The Falling Of The Fall
This afternoon when I returned from the hospital I discovered that Fall had fallen while I was away. The entryway had a neglected and disreputable air that bore little resemblance to
its summertime glory. Inspired by the crispy bounty underfoot, I wanted to rake myself silly, piling leaves high and playing at cleaning the place up, but I also want to wait until tomorrow, when Beppo and Zazou will be coming home from kitty camp. I’m sure that raking will be ever so much more fun with their help, and besides, it will be Zazou’s first time to see a pile of dry leaves, an important moment in the life of a young cat. Together we’ll tidy things up for when Shel rejoins us, in another day or two, and I’ll think of something to cook that’s not at all like hospital food, to welcome him home.
It won’t be saucisse de Morteau, though, because that’s too heavy for someone who’s been living on basically gruel and gruesomeness. Instead, it’s what I cooked for myself, a solitary treat for one of the first cool evenings of the year. I find it a particularly succulent and comforting sausage, but then, I find sausages in general comforting. And please, if you minored in Psychology, don’t go too far overboard with your analysis of why I think sausages are comfort food. We all know why.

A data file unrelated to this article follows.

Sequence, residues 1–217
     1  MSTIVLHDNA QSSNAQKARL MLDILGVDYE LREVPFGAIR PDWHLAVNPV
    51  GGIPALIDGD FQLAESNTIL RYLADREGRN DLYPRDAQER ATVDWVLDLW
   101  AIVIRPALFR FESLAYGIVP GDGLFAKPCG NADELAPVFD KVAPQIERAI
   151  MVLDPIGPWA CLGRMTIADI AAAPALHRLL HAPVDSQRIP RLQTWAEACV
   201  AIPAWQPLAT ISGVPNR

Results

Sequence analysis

The saucisse de Morteau is a monumental pork sausage from the Jura region, smoked in a chimney over pine wood, deliciously juicy and tasting of campfires and jolly times in the mountains. It’s a serious sausage, and not for the faint of digestion. You can eat it before raking leaves, to give yourself strength, or afterwards, to replenish your pre-hibernation energy stores.
It’s perfect over sauerkraut, for a sort of abbreviated choucroute, but it’s also a treat just eaten plain with some really good mustard. If you can get one, do. If you have someone to share it with, tant mieux, so much the better. If the one you love is in the hospital, share it with a cat. If your cat is similarly incarcerated, well, you’re an adult. You know what to do.